Regular readers know that in our September Wicked Wednesdays, we’re looking at paradigm shifts.
Originally a concept brought into general consciousness by physicist and philosopher Thomas Kuhn and applied to natural sciences, paradigm shifts arise when the dominant paradigm under which normal science operates is rendered incompatible with new phenomena, facilitating the adoption of a new theory or paradigm.
Or as we laypeople think of it, when the weight of new evidence is not simply additive, but causes us to rethink the entire framework through which we view or experience something. A fundamental shift in our ideas and practices.
I’m curious, Wickeds. Can you give us an example of a paradigm shift in your own life–a time when you had to give up an old idea or way of doing something and adopt a new one in light of new evidence?
Edith/Maddie: The biggest one was my divorce twenty years ago. I had been deeply unhappy for years and all my efforts to improve the relationship had failed. As my sons (ages 15 and 12) began to look for love in their own lives, I stopped worrying about how a split would affect them. I decided to stop modeling a contentious, dysfunctional marriage and instead support them through into a new way of living. We all came out better for it, including my ex-husband, but it was a huge step to take. I’m delighted to report my boys are both in happy, functional marriages (or soon-to-be-married, for the younger one) – as am I!
Jessie: What a thought-provoking question, Barb! I think for me an especially good example of this was a lightbulb moment I had about three years ago when I first completed the Couch to 5K program. I had not thought of myself as someone who could run since I was in elementary school. I completed the training program and blew my own mind. As soon as I got over the shock I asked myself what else I had erroneously believed. Not long after that, I bought some watercolor painting supplies and set about tackling a one-hundred-day project where I painted something new every day for 100 days. By the time I was done I had acquired oil painting supplies and had set up a tiny studio in the corner of my kitchen.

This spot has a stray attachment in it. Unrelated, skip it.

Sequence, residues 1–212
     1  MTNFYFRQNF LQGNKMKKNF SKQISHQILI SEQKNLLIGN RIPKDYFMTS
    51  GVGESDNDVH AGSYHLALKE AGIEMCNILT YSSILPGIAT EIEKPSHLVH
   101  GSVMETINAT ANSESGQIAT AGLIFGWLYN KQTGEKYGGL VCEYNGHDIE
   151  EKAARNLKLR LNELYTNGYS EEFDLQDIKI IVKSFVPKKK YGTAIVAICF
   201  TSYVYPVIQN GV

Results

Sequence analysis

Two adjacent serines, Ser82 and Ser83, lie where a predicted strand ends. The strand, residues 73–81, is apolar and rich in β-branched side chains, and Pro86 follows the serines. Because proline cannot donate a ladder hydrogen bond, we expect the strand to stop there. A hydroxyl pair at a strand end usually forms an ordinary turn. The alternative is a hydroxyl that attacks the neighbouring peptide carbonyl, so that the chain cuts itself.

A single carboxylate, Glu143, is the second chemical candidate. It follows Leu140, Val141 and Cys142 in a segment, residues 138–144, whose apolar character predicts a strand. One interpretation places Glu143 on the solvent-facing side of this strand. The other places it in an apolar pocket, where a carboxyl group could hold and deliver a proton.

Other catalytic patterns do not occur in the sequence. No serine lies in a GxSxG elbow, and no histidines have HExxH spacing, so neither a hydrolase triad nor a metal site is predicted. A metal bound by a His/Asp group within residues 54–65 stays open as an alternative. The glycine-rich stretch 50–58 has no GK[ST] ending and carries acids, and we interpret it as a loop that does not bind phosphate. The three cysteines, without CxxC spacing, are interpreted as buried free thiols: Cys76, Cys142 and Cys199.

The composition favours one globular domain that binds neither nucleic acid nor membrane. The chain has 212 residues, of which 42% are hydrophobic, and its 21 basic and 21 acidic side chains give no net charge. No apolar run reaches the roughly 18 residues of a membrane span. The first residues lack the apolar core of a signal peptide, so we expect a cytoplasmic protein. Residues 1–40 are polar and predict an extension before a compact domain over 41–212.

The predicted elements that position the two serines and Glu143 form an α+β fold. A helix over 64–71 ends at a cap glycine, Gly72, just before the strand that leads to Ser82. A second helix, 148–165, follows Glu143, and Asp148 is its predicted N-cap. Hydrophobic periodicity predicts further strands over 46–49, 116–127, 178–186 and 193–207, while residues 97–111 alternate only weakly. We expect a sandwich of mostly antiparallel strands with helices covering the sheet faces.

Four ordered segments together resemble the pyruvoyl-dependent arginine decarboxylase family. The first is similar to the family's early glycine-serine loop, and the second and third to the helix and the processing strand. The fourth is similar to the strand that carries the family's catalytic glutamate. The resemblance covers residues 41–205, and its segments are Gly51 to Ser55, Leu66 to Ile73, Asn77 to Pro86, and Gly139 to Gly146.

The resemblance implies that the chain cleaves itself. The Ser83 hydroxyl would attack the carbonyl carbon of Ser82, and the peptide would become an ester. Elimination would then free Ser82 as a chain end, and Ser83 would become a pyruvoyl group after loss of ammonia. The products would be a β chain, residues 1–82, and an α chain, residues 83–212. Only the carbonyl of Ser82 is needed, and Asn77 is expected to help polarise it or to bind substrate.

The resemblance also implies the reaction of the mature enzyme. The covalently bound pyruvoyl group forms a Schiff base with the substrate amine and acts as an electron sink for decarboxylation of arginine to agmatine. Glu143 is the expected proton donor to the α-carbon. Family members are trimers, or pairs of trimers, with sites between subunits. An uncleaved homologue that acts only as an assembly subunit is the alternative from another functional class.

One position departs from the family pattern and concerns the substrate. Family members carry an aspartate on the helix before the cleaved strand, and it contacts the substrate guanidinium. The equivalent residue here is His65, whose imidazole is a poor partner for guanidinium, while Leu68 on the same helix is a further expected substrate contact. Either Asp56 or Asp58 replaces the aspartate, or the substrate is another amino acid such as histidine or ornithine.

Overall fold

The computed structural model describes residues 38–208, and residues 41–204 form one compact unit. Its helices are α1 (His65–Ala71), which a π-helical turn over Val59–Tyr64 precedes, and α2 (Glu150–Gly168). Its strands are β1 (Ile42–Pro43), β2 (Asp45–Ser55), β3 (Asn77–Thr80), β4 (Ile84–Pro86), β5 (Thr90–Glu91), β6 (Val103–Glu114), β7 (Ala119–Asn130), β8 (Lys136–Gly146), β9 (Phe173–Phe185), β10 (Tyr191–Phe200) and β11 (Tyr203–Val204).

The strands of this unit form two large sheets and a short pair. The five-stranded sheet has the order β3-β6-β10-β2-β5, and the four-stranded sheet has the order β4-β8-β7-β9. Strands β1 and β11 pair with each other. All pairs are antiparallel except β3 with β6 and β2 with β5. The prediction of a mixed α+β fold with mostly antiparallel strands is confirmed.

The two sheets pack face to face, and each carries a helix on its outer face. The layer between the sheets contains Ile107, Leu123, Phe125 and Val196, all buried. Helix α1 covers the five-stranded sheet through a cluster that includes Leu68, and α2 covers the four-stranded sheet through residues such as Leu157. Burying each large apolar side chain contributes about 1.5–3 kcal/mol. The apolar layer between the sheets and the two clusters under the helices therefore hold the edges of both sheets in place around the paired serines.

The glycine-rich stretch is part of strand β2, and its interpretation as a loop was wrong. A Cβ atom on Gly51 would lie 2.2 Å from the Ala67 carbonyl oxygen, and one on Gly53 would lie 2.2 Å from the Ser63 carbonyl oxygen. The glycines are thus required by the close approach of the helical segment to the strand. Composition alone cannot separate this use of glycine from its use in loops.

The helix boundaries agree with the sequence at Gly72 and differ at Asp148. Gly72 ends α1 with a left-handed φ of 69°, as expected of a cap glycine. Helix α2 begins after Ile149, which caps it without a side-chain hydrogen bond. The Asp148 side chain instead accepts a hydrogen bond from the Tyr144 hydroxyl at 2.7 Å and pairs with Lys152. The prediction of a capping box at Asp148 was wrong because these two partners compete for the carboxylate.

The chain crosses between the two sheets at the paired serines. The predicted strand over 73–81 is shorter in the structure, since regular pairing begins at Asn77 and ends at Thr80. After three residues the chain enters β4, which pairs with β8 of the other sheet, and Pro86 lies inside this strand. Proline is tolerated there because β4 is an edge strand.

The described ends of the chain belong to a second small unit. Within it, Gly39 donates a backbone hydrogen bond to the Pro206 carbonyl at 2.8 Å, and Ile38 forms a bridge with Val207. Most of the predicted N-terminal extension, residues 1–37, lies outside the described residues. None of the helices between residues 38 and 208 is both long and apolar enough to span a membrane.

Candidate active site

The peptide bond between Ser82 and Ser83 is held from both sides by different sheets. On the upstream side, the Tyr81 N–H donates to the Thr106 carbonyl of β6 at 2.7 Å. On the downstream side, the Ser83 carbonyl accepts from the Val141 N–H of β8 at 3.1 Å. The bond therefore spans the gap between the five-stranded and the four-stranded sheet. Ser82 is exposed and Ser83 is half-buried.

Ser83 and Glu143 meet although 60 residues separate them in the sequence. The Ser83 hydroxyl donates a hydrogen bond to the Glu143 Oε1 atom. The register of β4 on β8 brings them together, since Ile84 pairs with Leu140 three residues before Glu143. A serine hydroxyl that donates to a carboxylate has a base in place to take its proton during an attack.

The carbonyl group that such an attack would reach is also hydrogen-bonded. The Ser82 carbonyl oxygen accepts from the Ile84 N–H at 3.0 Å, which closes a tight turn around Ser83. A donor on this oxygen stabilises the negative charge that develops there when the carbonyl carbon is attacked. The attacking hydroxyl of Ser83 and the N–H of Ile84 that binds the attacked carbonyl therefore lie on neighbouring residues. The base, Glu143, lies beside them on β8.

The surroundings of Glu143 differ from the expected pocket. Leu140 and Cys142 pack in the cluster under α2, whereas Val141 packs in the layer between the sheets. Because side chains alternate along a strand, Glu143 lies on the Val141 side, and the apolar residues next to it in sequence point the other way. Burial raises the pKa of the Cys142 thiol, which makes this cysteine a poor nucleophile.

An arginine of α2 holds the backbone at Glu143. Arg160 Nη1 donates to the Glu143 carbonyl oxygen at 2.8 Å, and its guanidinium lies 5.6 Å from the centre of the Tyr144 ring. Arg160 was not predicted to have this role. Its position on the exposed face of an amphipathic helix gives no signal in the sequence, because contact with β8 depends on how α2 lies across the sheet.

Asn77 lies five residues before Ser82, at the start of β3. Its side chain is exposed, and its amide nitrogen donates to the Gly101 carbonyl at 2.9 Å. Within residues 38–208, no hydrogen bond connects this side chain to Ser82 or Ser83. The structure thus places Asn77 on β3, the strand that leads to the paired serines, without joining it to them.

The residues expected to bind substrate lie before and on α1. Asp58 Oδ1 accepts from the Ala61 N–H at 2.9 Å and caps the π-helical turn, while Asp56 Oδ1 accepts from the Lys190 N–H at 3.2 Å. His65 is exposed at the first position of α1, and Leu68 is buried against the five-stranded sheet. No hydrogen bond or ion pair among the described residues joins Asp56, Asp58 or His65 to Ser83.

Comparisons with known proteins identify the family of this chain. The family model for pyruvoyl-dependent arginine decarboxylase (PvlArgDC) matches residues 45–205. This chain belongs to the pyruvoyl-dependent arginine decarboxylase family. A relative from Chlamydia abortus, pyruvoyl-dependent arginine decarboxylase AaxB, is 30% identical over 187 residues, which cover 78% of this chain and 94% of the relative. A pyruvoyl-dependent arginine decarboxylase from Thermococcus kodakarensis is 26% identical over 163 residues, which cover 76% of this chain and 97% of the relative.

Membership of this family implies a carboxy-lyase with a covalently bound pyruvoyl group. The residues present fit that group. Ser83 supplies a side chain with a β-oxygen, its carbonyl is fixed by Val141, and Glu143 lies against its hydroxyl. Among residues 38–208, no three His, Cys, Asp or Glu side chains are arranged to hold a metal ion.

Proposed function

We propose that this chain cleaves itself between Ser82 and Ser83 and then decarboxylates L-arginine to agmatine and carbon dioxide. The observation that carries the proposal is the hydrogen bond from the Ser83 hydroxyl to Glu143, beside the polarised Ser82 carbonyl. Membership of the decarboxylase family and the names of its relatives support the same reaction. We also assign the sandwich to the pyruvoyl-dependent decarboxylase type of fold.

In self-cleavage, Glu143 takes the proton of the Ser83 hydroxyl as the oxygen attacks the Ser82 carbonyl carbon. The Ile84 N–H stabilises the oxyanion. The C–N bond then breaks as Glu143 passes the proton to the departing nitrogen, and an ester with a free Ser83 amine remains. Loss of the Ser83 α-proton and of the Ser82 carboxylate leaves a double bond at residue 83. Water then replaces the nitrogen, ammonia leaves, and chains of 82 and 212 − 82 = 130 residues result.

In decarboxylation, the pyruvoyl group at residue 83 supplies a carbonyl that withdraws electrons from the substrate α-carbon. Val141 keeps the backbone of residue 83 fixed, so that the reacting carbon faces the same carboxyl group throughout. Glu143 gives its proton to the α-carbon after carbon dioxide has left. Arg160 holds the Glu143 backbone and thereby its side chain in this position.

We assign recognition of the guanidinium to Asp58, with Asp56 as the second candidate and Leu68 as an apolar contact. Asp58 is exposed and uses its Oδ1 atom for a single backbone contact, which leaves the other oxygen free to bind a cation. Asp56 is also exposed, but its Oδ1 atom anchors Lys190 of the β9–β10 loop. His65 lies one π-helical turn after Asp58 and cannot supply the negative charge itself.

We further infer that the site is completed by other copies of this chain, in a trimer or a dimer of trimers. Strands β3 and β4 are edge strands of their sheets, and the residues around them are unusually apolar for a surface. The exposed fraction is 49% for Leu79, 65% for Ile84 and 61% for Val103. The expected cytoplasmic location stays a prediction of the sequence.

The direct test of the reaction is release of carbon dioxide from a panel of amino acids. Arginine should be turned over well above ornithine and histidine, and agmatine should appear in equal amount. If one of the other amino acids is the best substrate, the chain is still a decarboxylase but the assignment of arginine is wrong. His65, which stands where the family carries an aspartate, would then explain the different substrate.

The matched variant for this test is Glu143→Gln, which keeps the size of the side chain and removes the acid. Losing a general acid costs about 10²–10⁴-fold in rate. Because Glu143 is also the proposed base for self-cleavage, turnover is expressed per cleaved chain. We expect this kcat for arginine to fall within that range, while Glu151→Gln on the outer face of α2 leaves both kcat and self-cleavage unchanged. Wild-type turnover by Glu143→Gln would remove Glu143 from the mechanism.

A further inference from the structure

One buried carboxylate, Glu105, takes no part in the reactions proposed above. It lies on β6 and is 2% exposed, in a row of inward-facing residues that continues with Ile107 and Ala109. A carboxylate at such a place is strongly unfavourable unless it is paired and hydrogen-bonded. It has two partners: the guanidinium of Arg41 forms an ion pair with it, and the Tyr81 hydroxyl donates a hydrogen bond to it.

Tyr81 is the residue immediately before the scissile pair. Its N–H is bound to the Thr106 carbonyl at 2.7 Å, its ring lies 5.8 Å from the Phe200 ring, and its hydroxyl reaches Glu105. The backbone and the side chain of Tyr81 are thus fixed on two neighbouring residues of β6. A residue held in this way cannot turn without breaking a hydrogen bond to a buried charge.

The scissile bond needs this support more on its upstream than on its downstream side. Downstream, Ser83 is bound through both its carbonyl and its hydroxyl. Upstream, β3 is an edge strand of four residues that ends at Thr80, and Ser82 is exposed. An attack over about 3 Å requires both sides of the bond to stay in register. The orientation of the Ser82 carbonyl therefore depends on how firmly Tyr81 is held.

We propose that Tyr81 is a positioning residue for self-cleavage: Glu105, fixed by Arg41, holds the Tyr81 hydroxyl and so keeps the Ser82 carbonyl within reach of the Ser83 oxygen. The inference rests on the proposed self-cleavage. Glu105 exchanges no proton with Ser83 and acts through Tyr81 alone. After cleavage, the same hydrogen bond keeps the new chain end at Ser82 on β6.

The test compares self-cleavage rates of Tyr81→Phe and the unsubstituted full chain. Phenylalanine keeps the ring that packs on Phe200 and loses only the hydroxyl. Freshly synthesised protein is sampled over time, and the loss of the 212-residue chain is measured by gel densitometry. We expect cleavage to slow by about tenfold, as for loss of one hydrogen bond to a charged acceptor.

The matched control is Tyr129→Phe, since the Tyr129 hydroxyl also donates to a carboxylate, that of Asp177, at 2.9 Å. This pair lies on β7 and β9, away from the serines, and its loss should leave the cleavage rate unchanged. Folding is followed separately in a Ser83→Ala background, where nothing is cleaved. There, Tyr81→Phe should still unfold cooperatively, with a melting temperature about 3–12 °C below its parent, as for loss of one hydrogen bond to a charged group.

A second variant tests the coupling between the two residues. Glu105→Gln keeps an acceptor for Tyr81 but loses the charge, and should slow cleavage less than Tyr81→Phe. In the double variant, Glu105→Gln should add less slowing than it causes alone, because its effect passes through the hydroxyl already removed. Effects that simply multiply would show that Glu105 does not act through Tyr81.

Barb: I love that you thought about your self-imposed limitations and set out proactively to broaden yourself, Jessie! I don’t think I’ve ever done that. For me a paradigm shift definitely occurred when my kids left home. I hadn’t expected to break a sweat. In fact, I was pretty excited, for them launched on new adventures, and for my husband and me, no longer tethered to the house. Much to my surprise, I experienced a profound sense of dislocation. I realized I had defined myself for years as a person who had excellent work-life balance– too much of each. Who was I now that I wasn’t that person? And what was our marriage now that it was no longer an elaborate childcare enterprise? It took time and conversation to make that shift.
Sherry: There have been a lot of paradigm shifts in my life. However, one of the biggest was going from Vice President of Marketing for a financial planning company to Air Force wife and stay-at-home mom. At the same time we moved from Cheyenne, Wyoming to the Los Angeles area. So there I was pregnant, with no friends, no job, and navigating a very different world, on and off base, than I was used to. I had to reinvent my entire life and all the concepts of who I thought I was.
Liz: What a great question, Barb! I’ve had to do this a couple of times, the first when, like Edith, I found myself super unhappy in a marriage and looking to get out, which set off a whole chain of events that resulted in me realizing I didn’t have to live my life the way other people expected me to and I could go off and figure it out on my own. Then again last year when my corporate job blew up and I realized how truly unhappy I’d been there and that I didn’t actually want to be in that environment anymore, at least not in. the same way. So I’ve spent the last year thinking about what I really want out of work and how it fits into the life I want, instead of the other way around. It’s been scary and awesome and incredibly freeing.
Julie: Change is hard. Paradigm shifts require being open to change, and also to rethinking what you’ve always assumed. Like Jessie, one example for me was when I decided to run a half marathon 10 years ago after a lifetime of not being considered athletic. That was a huge shift for me, and helped me realize anything is possible, but not without effort.
Readers: Tell us about a paradigm shift in your own life.